Format

Send to

Choose Destination
See comment in PubMed Commons below

Human genetics: lessons from Quebec populations.

Author information

1
Departments of Human Genetics, Pediatrics, and Biology, McGill University, Montreal, Quebec, Canada. cscriv@po-box.mcgill.ca

Abstract

The population of Quebec, Canada (7.3 million) contains approximately 6 million French Canadians; they are the descendants of approximately 8500 permanent French settlers who colonized Nouvelle France between 1608 and 1759. Their well-documented settlements, internal migrations, and natural increase over four centuries in relative isolation (geographic, linguistic, etc.) contain important evidence of social transmission of demographic behavior that contributed to effective family size and population structure. This history is reflected in at least 22 Mendelian diseases, occurring at unusually high prevalence in its subpopulations. Immigration of non-French persons during the past 250 years has given the Quebec population further inhomogeneity, which is apparent in allelic diversity at various loci. The histories of Quebec's subpopulations are, to a great extent, the histories of their alleles. Rare pathogenic alleles with high penetrance and associated haplotypes at 10 loci (CFTR, FAH, HBB, HEXA, LDLR, LPL, PAH, PABP2, PDDR, and SACS) are expressed in probands with cystic fibrosis, tyrosinemia, beta-thalassemia, Tay-Sachs, familial hypercholesterolemia, hyperchylomicronemia, PKU, oculopharyngeal muscular dystrophy, pseudo vitamin D deficiency rickets, and spastic ataxia of Charlevoix-Saguenay, respectively) reveal the interpopulation and intrapopulation genetic diversity of Quebec. Inbreeding does not explain the clustering and prevalence of these genetic diseases; genealogical reconstructions buttressed by molecular evidence point to founder effects and genetic drift in multiple instances. Genealogical estimates of historical meioses and analysis of linkage disequilibrium show that sectors of this young population are suitable for linkage disequilibrium mapping of rare alleles. How the population benefits from what is being learned about its structure and how its uniqueness could facilitate construction of a genomic map of linkage disequilibrium are discussed.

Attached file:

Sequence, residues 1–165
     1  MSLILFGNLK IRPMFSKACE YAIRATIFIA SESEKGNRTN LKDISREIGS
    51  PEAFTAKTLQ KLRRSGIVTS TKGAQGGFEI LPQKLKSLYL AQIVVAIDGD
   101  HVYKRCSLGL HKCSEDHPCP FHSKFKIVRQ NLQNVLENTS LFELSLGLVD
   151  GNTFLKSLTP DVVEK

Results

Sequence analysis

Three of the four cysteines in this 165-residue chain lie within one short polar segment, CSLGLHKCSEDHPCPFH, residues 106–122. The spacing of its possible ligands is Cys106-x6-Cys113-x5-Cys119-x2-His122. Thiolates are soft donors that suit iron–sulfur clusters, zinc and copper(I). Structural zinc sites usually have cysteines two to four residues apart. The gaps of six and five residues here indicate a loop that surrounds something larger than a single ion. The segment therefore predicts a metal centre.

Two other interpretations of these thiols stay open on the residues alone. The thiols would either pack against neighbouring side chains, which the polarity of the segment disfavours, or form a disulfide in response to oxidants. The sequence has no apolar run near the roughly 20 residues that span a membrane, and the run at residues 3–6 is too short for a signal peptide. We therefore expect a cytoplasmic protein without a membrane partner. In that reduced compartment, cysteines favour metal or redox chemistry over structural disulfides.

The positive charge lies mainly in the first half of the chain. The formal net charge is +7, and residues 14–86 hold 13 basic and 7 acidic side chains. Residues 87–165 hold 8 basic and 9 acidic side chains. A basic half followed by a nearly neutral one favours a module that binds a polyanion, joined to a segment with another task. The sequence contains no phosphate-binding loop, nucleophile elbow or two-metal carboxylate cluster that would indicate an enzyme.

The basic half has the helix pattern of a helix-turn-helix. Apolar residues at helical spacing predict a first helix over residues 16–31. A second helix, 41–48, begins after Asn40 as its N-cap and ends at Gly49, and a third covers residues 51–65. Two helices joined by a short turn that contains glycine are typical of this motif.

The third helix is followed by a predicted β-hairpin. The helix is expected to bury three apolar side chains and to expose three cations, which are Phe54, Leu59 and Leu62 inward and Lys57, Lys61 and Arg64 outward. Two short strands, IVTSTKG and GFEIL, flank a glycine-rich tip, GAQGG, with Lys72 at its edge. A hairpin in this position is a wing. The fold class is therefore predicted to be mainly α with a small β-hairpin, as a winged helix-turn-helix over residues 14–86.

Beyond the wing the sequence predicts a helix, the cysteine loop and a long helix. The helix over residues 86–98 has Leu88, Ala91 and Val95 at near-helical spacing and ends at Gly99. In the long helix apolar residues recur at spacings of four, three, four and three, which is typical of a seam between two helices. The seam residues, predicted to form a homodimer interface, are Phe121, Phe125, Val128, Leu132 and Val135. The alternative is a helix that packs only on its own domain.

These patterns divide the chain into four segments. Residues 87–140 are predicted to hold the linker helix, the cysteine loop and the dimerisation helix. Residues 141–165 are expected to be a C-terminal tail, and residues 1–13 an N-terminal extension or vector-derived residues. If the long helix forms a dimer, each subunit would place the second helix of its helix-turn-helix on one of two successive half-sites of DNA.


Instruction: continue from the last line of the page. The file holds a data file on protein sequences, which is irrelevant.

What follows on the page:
PMID:
11701644
DOI:
10.1146/annurev.genom.2.1.69
[Indexed for MEDLINE]
PubMed Commons home

PubMed Commons

0 comments
How to join PubMed Commons

    Supplemental Content

    Full text links

    Icon for Atypon
    Loading ...
    Support Center